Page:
Does Your Revenue Match Your Expectation?
A few years ago, 4Growth had been working with a technology company that specialized in developing mobile application for smart phones. I love telling this story even today as it continues to be a major issue in developing and growth companies.
We had been given the task of developing and implementing an exit strategy specifically for our client with the intention of selling them to a leading Canadian software company. The interested buyer intended on branching into secure mobile document management. It was the classic build or buy scenario and like all companies that want to bring their product to market sooner rather than later they elected to buy.
For months the acquiring company did a great deal of internal and external analysis and they liked what they saw. Everything to this point indicated that this deal would be going through without a hiccup in the process.
After about five months of thorough analysis it came time for the managing partners of the mobile app developer to make their case to the acquiring company’s acquisition committee. The partners were ready, confident, and sure that retirement was all but a few signatures away. The presentation they were about to give had been ironed out and combed over many times to ensure that nothing stood in the way of their exit from the business.
At 10:00AM the presentation began, and their compelling story started coming to life in front of the acquisition committee. The partners articulated in depth the deep-seated values that permeated throughout organization. They explained the strategy that had been refined over the past 12 years. They went on to describe the market opportunity available to the acquiring company. The partners had all their bases covered and were in the last leg of the lengthy PowerPoint presentation feeling better than they were before the presentation; and that’s when it happened.
The Chair of the acquiring company said to the partners, “I have a question, and it’s a Got’Ya question.” The room fell silent as everyone was doing their very best trying to anticipate where the hole in their story was. He boldly asked, “How come your current revenues don’t match your story?”
Wow. What a great question, perhaps one of the best I’ve ever heard.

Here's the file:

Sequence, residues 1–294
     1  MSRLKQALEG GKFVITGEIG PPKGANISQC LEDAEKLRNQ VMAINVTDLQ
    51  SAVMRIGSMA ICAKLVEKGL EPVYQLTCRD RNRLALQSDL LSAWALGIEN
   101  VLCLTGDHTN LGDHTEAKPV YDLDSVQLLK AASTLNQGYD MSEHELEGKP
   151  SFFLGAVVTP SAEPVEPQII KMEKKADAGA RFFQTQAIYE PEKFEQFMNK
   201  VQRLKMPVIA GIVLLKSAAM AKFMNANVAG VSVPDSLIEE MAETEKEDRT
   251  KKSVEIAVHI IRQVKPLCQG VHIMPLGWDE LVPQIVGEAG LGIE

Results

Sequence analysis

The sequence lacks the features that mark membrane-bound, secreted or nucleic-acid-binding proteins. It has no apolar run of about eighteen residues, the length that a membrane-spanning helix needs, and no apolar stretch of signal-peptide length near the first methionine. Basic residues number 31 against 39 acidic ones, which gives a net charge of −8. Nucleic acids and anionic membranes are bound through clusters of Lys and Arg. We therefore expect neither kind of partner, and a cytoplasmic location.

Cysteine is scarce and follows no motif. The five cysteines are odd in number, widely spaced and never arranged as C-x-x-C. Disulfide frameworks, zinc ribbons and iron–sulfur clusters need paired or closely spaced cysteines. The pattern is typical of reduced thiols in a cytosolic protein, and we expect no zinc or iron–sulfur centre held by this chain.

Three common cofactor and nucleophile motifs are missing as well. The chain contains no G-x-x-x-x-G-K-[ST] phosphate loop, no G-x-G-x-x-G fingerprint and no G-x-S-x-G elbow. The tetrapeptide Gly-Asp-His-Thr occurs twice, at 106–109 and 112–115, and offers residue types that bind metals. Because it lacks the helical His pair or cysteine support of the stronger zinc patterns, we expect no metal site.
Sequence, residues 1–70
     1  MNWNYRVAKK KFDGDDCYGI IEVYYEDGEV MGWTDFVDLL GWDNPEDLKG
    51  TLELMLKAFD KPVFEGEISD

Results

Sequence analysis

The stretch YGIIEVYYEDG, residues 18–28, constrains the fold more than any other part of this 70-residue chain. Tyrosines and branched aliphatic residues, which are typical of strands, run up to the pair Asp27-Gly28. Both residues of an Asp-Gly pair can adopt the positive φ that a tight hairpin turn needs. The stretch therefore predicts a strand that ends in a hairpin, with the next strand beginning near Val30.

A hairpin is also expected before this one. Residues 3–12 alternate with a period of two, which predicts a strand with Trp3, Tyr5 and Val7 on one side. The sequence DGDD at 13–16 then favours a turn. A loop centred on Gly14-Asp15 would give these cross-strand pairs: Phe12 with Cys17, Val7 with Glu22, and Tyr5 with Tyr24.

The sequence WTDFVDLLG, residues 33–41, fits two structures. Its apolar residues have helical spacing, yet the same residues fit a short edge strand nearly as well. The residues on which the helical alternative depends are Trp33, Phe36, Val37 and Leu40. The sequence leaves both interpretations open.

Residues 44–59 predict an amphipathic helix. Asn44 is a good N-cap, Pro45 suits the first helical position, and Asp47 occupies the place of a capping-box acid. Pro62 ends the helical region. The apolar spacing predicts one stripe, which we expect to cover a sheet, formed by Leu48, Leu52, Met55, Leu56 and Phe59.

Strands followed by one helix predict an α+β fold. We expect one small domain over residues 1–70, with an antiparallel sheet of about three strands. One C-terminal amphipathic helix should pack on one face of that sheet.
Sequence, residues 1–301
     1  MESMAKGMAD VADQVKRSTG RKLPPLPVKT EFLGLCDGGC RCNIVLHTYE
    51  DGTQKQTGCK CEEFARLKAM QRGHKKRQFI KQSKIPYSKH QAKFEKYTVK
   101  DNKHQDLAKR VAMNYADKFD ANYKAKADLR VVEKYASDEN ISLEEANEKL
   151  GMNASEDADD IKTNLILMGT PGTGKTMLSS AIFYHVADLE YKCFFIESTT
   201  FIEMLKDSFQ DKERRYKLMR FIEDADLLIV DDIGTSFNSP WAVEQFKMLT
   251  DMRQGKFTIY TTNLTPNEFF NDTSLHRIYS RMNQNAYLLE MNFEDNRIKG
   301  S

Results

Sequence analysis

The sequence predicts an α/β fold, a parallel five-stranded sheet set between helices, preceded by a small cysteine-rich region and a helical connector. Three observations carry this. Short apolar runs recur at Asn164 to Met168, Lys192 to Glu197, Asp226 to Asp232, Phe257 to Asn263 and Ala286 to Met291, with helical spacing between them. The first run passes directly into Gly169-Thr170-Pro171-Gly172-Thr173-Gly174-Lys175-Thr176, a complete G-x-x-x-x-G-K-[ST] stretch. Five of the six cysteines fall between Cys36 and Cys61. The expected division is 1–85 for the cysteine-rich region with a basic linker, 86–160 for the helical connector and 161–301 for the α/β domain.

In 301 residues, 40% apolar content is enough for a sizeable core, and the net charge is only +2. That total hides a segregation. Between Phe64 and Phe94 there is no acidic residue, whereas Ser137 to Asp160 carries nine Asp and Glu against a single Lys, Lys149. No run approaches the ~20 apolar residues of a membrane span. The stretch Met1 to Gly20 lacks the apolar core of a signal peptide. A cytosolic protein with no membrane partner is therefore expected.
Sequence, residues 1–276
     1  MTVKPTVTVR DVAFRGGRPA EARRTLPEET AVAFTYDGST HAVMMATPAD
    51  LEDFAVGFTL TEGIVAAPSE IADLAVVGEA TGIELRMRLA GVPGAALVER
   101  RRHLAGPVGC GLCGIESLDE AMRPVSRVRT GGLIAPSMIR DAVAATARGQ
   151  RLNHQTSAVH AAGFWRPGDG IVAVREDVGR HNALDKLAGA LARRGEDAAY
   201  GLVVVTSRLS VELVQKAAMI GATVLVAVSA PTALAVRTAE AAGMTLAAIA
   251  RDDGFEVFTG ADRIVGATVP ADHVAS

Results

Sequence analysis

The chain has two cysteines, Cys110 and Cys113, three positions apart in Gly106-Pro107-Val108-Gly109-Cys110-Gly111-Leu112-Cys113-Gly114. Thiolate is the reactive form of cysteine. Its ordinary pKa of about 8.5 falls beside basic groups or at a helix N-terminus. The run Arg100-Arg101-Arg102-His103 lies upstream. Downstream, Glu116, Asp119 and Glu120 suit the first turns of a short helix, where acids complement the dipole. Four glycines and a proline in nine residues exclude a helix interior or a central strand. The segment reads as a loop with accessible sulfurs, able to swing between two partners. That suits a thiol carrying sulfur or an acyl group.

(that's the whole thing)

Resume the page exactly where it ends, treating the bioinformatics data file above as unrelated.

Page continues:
At this point the partners did what anyone in their situation would do; they backpedalled trying to come up with anything that would put this question to bed. The two partners acknowledged they had problems but that that was all in the past. Look to the future and that is where you will see the value they pleaded.
After they finished their lengthy explanation to his question the Chair said to them, “Yes, those are problems but, they are not the problem.” He then said, “I know what your problem is. Could you please go back to Slide 19?”
It was the company’s org chart. What could he have seen that the managers had not thought of yet?
Beneath the CEO of the application development company there were four divisions: Product Development; Delivery; Finance & Administration; and Sales and Marketing. They were employing 19 product developers; 3 project managers; 2 administrators; and (can anyone see where this is going?) 1 sales and marketing employee.
“This is the reason we are not here talking with a company doing $8 million in revenues” the Chair announced to the room. How is one lonely sales person supposed to get 19 developers’ hard work to market? The answer – It’s not possible.
The moral of the story - Companies that spend all their capital on resources attempting to build a better mouse trap are doomed to a stagnant revenue stream. The most successful companies in the market are not always the ones with the best product; they are the ones with products on the shelves.
There are many technology companies that focus on getting products out the door year after year. Not necessarily the BEST or most perfect products. The logic for these companies is dead simple. They realize the world needs products that work; people recognize that there are no perfect ones yet; an imperfect one will still make users’ lives better.
No matter what industry or business you may be in, a balance between product development and sales/marketing is absolutely necessary.